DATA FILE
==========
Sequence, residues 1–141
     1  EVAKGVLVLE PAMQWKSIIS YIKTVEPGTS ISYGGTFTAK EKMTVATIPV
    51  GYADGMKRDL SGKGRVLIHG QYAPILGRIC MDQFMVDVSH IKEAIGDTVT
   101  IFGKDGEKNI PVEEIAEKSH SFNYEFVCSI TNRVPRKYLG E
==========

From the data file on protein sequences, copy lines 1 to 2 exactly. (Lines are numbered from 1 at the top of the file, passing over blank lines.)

Sequence, residues 1–141
     1  EVAKGVLVLE PAMQWKSIIS YIKTVEPGTS ISYGGTFTAK EKMTVATIPV